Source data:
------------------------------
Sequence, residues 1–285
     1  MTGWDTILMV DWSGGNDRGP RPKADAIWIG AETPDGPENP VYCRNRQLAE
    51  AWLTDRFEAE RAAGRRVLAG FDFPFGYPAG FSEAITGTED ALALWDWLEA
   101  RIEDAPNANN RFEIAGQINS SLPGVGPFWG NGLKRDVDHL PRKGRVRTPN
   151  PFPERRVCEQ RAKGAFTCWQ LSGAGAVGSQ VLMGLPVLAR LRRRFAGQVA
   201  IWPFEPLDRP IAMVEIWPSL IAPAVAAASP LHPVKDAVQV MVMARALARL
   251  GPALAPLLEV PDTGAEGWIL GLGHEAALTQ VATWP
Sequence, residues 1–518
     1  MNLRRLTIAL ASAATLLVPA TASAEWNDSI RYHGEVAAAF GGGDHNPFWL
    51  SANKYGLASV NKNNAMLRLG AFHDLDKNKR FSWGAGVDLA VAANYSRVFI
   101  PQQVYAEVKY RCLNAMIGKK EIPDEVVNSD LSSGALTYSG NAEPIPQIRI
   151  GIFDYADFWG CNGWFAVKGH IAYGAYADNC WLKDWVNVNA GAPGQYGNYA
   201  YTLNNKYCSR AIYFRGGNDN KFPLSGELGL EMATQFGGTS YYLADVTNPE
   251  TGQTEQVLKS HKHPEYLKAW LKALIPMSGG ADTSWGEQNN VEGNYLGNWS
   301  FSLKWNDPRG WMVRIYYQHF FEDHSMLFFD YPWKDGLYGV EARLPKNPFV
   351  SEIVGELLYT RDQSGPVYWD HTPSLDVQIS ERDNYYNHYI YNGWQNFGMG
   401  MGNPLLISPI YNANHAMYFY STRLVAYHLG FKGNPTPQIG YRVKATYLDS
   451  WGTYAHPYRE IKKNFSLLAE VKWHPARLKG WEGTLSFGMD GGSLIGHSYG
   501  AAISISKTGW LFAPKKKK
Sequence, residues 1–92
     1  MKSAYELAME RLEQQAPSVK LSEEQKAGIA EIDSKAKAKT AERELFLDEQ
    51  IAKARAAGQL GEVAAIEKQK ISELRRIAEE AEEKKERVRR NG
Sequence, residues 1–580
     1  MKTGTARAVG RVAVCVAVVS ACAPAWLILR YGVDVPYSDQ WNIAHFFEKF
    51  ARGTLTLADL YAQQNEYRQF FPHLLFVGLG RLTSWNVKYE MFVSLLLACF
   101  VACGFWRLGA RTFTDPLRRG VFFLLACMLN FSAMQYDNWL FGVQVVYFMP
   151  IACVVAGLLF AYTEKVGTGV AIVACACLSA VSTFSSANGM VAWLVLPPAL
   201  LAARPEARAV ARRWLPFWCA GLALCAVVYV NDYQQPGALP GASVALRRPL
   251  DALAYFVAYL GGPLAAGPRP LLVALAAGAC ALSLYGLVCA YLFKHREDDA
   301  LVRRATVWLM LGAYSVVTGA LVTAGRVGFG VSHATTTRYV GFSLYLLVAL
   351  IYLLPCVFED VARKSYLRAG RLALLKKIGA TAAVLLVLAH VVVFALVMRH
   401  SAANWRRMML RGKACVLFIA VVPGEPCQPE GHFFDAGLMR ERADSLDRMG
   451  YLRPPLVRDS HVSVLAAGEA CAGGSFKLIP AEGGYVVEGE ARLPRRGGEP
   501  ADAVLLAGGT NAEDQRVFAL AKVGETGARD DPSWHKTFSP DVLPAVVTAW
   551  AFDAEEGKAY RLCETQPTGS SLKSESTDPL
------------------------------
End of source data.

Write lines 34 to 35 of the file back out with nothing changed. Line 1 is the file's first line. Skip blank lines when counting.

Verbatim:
   501  ADAVLLAGGT NAEDQRVFAL AKVGETGARD DPSWHKTFSP DVLPAVVTAW
   551  AFDAEEGKAY RLCETQPTGS SLKSESTDPL